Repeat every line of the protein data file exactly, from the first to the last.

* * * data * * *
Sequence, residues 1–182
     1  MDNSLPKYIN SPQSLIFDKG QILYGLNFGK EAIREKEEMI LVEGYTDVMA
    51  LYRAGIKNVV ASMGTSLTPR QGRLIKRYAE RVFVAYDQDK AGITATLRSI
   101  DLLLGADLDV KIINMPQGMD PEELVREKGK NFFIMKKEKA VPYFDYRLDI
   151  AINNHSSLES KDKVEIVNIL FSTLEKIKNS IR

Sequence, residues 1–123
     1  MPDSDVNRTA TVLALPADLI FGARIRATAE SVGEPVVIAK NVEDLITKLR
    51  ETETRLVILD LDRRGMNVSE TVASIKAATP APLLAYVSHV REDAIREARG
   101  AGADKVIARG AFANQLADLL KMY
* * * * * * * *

Sequence, residues 1–182
     1  MDNSLPKYIN SPQSLIFDKG QILYGLNFGK EAIREKEEMI LVEGYTDVMA
    51  LYRAGIKNVV ASMGTSLTPR QGRLIKRYAE RVFVAYDQDK AGITATLRSI
   101  DLLLGADLDV KIINMPQGMD PEELVREKGK NFFIMKKEKA VPYFDYRLDI
   151  AINNHSSLES KDKVEIVNIL FSTLEKIKNS IR

Sequence, residues 1–123
     1  MPDSDVNRTA TVLALPADLI FGARIRATAE SVGEPVVIAK NVEDLITKLR
    51  ETETRLVILD LDRRGMNVSE TVASIKAATP APLLAYVSHV REDAIREARG
   101  AGADKVIARG AFANQLADLL KMY